James Hetfield, singer, lyricist and rhythm guitarist of Metallica, has been one of my heroes for as long as I can remember. From the youthful angst in the band’s debut album Kill Em All, along with the social, political and religious commentary of Ride The Lightning, Master of Puppets, and …And Justice For All, to the ever-changing and evolving lyrics of the newer albums devoted to personal pain, anguish, isolation and addiction, Hetfield’s larger-than-life personality and in-your-face guitar playing has impacted the way I approach certain aspects of my life: guitar playing, the importance of music in life, and staying true to one’s self.
Raised in a Christian Science household and tempered by enormous success and epic failures, Hetfield’s vision and voice shines a light in the bleak musical landscape of the modern music scene. With this in mind, here are my five questions for James Hetfield.
1.) One of your most painful yet insightful lyrics is from “The God That Failed” in which you attribute the death of your mom to her belief that she would be miraculously healed instead of seeking treatment from doctors: “The healing hand held back by the deepened nail… follow the God that failed.”
What would your life look like today if the healing hand was not held back by the deepened nail and your mom was miraculously healed?
2.) Your lyrics started out as angst-ridden commentaries on society, politics, and religious corruption, but evolved over the years to be more about personal pain, addiction, isolation, fame, loss and death.
How has the struggle of dealing with pain, addiction, fame and celebrity, combined with the influence of a wife and children, changed the way you look at the world? Do you still see a need for music to provide a commentary on social, political and religious problems of the day?
3.) You have sold more records than most bands and accomplished more than most people can ever dream of. You have fortune, fame, and a life that in many ways is the ideal standard for America’s definition of success. You could easily quit, retire and live off the royalties of your past accomplishments.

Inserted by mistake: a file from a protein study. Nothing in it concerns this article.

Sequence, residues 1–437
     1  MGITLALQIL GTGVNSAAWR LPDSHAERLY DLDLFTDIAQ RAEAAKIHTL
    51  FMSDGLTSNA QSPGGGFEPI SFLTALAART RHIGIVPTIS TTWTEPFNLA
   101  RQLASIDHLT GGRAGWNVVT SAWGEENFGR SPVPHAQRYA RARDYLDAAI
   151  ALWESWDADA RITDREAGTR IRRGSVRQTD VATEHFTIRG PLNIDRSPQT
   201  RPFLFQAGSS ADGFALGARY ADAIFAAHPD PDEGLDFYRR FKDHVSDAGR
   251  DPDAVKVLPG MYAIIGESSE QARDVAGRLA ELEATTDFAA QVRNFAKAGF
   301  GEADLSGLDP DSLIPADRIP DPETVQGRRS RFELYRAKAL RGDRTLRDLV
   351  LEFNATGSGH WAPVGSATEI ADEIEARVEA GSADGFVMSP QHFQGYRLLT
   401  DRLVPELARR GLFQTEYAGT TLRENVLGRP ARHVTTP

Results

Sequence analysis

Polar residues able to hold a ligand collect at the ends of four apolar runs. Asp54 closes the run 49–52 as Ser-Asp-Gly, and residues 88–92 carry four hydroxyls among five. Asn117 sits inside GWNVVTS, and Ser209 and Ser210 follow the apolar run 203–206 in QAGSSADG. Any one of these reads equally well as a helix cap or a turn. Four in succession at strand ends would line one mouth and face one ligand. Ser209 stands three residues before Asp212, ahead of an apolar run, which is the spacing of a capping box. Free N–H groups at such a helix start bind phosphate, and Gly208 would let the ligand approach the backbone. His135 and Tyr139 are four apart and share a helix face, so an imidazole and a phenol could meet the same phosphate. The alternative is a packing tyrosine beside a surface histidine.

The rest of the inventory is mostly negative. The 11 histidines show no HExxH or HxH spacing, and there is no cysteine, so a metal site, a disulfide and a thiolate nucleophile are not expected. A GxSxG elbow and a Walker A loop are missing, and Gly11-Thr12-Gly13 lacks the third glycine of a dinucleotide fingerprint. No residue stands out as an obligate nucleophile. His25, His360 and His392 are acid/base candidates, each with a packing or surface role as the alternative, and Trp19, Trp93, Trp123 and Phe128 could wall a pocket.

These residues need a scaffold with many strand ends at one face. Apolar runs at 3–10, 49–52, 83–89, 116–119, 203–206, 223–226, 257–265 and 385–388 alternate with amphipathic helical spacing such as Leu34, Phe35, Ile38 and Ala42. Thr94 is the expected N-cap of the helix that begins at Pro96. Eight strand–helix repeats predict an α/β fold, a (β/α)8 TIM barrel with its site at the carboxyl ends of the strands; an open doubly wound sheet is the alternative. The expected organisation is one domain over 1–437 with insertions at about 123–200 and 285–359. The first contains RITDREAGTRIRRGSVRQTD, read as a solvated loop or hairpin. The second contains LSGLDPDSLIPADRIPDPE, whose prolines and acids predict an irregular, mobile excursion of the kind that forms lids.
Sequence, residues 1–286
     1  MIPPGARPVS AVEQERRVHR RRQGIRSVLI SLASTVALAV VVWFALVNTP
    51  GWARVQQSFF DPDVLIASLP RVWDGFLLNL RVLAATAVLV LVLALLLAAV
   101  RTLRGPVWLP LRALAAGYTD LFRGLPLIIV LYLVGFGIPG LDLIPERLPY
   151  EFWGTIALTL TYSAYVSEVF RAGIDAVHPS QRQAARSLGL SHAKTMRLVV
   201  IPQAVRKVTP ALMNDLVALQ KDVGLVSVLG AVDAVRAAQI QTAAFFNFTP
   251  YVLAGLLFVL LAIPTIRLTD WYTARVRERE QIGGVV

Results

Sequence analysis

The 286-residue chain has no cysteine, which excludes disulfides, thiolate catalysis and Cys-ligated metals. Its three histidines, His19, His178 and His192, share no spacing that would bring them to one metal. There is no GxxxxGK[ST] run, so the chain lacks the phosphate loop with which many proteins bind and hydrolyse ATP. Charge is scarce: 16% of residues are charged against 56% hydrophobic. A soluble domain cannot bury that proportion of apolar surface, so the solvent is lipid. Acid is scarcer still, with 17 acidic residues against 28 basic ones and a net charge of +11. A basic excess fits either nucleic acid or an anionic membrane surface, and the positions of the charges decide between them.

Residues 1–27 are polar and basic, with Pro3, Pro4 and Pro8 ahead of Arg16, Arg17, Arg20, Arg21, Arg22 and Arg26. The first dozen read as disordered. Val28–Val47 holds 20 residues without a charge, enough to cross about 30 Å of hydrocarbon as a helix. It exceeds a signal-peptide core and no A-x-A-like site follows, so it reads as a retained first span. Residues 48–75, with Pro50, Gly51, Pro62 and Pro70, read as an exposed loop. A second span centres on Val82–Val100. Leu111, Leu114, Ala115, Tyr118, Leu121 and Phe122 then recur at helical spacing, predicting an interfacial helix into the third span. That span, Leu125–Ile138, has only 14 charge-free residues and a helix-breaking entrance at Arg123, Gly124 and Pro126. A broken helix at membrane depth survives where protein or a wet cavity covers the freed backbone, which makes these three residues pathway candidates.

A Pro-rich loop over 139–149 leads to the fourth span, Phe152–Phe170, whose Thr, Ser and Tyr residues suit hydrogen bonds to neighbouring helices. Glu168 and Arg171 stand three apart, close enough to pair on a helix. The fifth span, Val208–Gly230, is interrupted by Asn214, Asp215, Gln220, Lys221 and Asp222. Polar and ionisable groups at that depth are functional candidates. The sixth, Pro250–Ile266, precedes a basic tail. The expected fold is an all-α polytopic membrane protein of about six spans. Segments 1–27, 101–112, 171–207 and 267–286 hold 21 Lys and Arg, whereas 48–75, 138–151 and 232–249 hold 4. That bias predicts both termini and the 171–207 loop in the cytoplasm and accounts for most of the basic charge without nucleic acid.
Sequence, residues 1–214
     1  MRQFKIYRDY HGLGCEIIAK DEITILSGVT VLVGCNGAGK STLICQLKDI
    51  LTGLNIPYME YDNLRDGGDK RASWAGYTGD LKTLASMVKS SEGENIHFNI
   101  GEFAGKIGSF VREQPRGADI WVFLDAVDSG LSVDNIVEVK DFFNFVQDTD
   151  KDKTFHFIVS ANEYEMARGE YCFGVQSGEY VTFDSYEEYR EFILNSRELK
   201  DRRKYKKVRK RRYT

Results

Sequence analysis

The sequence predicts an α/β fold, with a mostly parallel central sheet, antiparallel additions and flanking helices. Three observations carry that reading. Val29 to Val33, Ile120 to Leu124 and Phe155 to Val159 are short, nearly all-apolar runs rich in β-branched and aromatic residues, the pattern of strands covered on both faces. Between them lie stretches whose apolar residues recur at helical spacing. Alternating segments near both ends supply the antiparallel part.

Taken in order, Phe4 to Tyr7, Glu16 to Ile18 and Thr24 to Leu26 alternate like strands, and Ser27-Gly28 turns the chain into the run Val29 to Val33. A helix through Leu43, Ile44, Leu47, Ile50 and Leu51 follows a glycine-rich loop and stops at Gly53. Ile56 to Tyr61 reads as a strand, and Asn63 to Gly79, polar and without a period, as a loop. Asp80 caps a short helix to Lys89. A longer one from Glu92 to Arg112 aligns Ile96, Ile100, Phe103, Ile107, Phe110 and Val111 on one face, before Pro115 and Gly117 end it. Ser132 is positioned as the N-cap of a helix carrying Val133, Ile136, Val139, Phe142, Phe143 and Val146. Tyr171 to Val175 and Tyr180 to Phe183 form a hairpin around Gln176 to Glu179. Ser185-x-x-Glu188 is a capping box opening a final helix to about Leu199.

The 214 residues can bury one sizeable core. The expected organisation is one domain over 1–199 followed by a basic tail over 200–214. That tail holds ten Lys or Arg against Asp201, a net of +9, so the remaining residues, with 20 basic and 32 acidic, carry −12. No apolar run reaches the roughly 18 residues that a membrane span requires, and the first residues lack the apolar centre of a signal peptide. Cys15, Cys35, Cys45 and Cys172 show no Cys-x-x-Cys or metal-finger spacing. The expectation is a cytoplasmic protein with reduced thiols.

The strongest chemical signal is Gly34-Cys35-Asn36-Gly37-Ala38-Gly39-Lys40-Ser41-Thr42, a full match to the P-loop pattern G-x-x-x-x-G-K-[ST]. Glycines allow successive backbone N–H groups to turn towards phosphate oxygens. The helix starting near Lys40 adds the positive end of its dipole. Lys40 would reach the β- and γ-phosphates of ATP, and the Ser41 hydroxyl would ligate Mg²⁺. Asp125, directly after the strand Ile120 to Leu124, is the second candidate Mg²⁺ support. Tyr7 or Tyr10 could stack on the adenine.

What is the driving force for you to continue writing new songs and kicking the collective ass of your audience with an explosive live set year after year?
4.) If Cliff Burton (Metallica’s bass player from Kill Em All to Master Of Puppets) had lived instead of tragically dying in the prime of his life, would Metallica be as successful today? What do you think Cliff would have to say about the Metallica journey of the past 25 years since his death?
5.) Your legacy through Metallica is firmly established and you’re a living legend.
What legacy do you hope to leave through the relationship with your family, specifically your children?
With that, I finish my series, “5 Questions For 5 Heroes.” There are a lot of questions that I could ask my heroes, but I had to start somewhere. It has really given me pause to think about why these five people — Terry Gilliam, Cornel West, Jon Krakauer, Galen Rowell and James Hetfield — are my heroes.
I hope that you think about who your heroes are what you would want to ask them. In identifying our heroes, I believe that it removes them as idols in our minds and gives us a glimpse at their humanity.
While you can think big about the people that you deem as heroic, I encourage you to think about the day-to-day heroes that would actually give you the time of day in order to sit down with them and ask them your questions. All it takes is courage to go a little deeper than the surface and routine that invades our daily lives.
Thanks for reading and please share who your heroes are as well as what you would ask them.